Drone owners have it easy. They don't have to wash their UAVs before sending them up into the sky. If you're an owner of an underwater robot, on the other hand, you owe it to the planet to give that ROV of yours a thorough scrub.
A paper published Monday in the open access journal Tropical Conservation Science warns that, while the proliferation of tiny, consumer-friendly remotely operated underwater vehicles is great for citizen science, it may not be so great for the ocean if owners don't take proper care to screen for potentially harmful organisms that might be hitching a ride.
"With tens of thousands of submersible vehicles operating around the world for research, industry, exploration, and recreation, there is a tremendous potential for the introduction of invasive species via these hightech vectors," the paper reads—and microROVs have the potential to make things worse.
MicroROVs are what the paper uses to refer to a new breed of remotely controlled underwater robots, such as those designed by OpenROV (two of the paper's co-authors work for OpenROV). The idea is that, much as foreign organisms have been known to hitch rides inside the ballast tanks of ships—zebra mussels and asian carp, for example, have both wreaked havoc on local wildlife since their introduction into North America, where they don't traditionally belong—similar scenarios could occur on a smaller scale once microROVs make it into more hands.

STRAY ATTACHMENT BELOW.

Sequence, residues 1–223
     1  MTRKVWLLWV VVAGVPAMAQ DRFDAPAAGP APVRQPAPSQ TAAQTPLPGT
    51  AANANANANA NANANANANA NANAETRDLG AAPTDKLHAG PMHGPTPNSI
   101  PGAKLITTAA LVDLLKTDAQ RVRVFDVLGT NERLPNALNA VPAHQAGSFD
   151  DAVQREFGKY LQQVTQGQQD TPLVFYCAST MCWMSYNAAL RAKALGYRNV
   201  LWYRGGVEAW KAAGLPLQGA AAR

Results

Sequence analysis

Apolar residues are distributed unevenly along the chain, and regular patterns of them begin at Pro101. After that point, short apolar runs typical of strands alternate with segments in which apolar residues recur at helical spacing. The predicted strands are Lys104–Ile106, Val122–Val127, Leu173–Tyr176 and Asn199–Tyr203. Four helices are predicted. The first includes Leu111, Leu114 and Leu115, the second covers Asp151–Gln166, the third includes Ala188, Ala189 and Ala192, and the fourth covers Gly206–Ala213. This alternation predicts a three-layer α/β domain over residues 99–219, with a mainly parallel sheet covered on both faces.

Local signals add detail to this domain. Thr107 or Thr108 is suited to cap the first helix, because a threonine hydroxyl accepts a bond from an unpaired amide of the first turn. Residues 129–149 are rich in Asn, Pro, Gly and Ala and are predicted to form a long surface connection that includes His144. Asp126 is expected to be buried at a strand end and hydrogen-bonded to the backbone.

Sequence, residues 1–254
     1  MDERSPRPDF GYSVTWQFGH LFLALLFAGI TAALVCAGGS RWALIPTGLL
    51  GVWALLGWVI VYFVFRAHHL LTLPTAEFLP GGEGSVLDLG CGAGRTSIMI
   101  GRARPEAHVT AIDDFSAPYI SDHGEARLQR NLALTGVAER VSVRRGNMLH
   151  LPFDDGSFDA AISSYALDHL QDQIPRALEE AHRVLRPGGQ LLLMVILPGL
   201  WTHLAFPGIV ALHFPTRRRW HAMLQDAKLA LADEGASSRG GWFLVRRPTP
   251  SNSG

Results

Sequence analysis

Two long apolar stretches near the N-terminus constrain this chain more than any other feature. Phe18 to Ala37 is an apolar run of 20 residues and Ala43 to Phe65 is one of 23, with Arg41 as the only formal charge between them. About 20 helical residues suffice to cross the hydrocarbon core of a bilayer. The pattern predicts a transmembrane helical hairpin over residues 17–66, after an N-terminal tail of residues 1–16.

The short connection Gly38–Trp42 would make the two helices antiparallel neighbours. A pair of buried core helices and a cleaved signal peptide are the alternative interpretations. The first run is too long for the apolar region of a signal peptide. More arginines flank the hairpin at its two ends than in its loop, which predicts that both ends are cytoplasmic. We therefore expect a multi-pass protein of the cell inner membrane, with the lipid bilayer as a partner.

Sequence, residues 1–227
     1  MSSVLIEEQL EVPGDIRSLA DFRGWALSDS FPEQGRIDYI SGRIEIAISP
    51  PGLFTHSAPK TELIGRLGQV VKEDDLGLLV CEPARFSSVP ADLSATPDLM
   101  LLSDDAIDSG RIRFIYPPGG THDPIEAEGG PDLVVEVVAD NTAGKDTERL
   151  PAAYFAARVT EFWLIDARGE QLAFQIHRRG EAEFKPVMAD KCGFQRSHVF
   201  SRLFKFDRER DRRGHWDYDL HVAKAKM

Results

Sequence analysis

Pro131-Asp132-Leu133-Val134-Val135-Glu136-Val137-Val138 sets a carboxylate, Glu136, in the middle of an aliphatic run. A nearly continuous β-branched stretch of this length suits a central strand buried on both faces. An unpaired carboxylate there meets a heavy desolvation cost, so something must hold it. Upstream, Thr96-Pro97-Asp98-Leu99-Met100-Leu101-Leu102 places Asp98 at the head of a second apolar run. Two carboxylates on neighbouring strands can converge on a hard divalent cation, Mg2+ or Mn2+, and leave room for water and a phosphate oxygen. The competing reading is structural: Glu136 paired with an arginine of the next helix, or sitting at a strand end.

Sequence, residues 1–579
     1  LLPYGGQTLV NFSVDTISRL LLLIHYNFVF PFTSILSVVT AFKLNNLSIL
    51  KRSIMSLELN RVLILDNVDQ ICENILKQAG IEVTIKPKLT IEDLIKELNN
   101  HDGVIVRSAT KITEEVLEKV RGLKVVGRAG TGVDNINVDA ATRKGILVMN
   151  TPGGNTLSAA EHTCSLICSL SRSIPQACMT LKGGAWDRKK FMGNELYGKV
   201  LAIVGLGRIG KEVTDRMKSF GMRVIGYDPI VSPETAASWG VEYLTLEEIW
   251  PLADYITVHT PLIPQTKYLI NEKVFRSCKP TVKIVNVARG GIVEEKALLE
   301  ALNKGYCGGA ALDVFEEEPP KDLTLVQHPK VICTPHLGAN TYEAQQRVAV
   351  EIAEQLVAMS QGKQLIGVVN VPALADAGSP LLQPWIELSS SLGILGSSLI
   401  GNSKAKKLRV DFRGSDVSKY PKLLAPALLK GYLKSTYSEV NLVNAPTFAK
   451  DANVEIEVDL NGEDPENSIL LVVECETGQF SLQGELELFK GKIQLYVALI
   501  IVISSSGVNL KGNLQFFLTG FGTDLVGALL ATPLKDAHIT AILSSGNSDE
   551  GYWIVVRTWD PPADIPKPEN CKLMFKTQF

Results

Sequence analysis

This isn't merely a hypothetical. Though no cases of invasive species spreading via tiny, inexpensive ROVs have yet been reported, the study notes, there have certainly been more than a few cases of other vehicles spreading unintended ocean life to ecosystems where they don't belong.
For example, the paper cites a 2012 case in which "limpets from the East Pacific Rise were transported 635 kilometers south via the DSV Alvin," and another case in which "an unidentified fungal infection was hypothesized to be the result of transmission via research submersibles."
The paper provides some guidelines on minimizing the spread of invasive species for anyone wishing to operate a microROV beyond in environments beyond a backyard pool. Those guidelines include educational awareness (knowing that invasive or harmful organisms can be transmitted by even tiny ROVs in the first place); visual inspection prior to and following deployment; a freshwater soak prior to diving, and a freshwater rinse following; a bleach soak before long term storage; and, ideally, minimizing the transport of an ROV between ecosystems.
So do your part, and don't forget to give your underwater robot a good, thorough bath—before and after you go for a dive. You never know what might be hitching a ride.